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Wednesday, 12 January 2011

ACP Group of States and IOM Strengthen Cooperation

IOM Director General William Lacy Swing and the Secretary General of the African, Caribbean and Pacific (ACP) Group of States Mohammed Ibn Chambas have signed on December 17, an agreement at the ACP Headquarters in Brussels committing the two bodies to closer cooperation on a wide range of migration-related issues. The agreement aims to provide practical assistance to the 79 ACP Members States to help them optimize the benefits of migration for poverty reduction and sustainable development. “Migration has always played a crucial role in shaping ACP societies. It is now our duty to ensure that its negative effects are reduced and to do our best to make migration as positive force for development,” said ACP Secretary General Mohammed Ibn Chambas.Director General William Lacy Swing said the agreement illustrates the importance given by IOM to migration in the African, Caribbean and Pacific region. “Our partnership with the ACP Secretariat and Group of States demonstrates our common will and determination to realize the many potential benefits of migration. The signing of this agreement will help us to take another step towards this goal.”Cooperation between IOM and the ACP Group of States has already led to the launch on 25 October of the Observatory on Migration, an initiative of the ACP Secretariat empowered by IOM and funded by the European Union with the financial support of Switzerland. The Observatory aims to establish a network of research institutions and governmental entities dealing with migration in the six ACP regions, namely West Africa, Central Africa, East Africa, Southern Africa, the Caribbean and the Pacific. Activities will start in 12 pilot countries (Angola, Cameroon, the Democratic Republic of the Congo, Haiti, Kenya, Lesotho, Nigeria, Papua New Guinea, Senegal, Tanzania, Timor-Leste and Trinidad and Tobago).Although much of the global focus on migration is on human mobility from the South to the North, almost half of all emigration from developing countries is to other developing countries – South-South migration. Yet little is known about this phenomenon which, for example, has traditionally been used in many African countries as a livelihood strategy. Africa is also home to the largest numbers of internally displaced people and refugees. The Caribbean and Pacific regions too are marked by inter-regional migration.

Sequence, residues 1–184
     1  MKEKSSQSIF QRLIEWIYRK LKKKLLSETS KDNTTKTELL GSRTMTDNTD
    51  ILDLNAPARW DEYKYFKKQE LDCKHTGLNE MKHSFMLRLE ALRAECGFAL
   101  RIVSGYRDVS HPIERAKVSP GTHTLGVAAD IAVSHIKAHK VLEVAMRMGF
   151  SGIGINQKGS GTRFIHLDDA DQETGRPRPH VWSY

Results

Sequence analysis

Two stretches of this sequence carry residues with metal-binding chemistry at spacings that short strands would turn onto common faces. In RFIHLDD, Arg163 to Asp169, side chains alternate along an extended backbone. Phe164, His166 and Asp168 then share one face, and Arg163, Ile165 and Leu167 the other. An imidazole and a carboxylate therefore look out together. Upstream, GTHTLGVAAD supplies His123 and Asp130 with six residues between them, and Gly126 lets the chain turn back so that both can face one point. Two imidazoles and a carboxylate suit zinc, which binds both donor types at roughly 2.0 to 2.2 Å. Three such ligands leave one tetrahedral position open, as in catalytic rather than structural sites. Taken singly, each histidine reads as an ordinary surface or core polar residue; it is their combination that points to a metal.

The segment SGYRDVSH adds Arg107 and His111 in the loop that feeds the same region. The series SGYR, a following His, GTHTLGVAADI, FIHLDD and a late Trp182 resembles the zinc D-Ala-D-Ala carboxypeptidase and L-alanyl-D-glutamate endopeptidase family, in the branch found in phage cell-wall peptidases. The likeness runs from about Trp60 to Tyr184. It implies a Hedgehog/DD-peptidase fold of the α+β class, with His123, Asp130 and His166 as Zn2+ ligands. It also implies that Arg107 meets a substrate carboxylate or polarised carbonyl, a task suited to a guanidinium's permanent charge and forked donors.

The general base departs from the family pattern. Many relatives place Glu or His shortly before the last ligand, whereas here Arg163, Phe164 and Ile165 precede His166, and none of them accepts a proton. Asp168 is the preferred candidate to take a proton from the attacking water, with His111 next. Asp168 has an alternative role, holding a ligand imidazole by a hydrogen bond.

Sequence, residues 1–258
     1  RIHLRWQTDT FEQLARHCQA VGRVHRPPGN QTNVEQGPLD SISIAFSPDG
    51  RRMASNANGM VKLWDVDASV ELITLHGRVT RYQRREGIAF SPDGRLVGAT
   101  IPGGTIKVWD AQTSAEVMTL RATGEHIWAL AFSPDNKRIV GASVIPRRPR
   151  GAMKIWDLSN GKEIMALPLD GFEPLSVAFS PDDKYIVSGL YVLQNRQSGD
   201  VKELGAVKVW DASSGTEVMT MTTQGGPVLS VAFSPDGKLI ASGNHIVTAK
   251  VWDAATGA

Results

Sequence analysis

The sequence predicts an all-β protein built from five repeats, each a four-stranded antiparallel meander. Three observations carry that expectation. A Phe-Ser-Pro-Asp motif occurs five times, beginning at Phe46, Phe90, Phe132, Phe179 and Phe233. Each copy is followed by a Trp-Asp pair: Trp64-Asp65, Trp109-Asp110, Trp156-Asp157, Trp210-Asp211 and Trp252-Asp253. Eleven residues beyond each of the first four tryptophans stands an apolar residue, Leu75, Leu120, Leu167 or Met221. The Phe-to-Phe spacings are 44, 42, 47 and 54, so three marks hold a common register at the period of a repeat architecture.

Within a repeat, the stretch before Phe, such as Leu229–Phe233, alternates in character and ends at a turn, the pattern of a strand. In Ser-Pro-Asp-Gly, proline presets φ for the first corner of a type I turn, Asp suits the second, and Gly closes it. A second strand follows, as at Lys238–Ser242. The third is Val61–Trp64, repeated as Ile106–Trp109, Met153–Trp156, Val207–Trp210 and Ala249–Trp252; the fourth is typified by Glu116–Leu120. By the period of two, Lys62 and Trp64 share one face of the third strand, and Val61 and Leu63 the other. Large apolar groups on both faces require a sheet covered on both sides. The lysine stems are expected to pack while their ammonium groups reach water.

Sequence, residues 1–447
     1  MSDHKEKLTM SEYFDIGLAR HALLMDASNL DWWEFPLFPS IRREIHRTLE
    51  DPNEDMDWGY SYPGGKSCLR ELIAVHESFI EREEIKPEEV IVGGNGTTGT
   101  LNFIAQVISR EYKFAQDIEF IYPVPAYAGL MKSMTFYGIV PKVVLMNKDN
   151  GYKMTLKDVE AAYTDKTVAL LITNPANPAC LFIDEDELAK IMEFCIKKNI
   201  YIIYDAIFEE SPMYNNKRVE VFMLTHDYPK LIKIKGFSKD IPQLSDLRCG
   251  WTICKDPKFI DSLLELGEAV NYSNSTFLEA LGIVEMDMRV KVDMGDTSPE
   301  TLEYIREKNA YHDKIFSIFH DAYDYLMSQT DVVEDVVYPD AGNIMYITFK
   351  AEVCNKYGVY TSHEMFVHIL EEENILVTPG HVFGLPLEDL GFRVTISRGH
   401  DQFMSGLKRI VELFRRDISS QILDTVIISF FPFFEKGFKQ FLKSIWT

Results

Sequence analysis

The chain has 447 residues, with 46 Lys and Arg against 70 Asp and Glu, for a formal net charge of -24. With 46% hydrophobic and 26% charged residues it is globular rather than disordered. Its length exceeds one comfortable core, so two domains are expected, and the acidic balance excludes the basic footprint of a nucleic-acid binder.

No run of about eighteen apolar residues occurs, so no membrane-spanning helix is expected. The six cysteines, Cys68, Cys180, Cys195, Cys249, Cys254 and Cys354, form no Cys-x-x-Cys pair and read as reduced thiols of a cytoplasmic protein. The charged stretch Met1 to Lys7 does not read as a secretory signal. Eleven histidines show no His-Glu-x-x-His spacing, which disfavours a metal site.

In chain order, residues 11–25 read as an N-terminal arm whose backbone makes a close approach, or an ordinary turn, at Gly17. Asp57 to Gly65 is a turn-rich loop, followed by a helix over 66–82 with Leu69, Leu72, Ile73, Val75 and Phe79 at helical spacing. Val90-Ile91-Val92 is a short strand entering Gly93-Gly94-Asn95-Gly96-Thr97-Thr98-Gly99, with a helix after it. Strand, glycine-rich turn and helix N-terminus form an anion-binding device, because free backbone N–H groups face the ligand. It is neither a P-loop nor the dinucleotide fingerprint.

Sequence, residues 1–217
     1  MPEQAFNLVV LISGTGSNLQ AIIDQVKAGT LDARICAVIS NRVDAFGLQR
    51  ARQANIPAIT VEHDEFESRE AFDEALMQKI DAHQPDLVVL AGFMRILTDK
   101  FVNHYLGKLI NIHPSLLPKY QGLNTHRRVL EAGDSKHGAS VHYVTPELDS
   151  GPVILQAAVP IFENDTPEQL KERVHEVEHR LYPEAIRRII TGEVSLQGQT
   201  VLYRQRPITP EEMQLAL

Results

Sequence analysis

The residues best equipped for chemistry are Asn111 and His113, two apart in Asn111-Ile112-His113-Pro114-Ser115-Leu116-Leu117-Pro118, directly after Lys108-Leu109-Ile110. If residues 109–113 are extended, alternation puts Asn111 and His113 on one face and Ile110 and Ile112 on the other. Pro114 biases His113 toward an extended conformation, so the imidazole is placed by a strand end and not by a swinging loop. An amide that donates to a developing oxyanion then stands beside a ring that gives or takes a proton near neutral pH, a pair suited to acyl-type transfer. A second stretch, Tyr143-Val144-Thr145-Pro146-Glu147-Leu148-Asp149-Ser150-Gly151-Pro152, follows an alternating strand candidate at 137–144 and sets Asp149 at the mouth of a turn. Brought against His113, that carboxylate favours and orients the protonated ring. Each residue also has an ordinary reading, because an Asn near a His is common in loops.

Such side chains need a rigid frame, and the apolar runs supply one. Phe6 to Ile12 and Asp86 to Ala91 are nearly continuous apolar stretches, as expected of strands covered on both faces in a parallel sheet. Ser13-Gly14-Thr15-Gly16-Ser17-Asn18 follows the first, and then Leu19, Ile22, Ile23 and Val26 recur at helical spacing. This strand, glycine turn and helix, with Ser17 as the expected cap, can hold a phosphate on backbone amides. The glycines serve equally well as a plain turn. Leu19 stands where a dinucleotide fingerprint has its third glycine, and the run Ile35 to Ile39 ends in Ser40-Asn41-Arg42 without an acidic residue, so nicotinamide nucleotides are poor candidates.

Source: IOM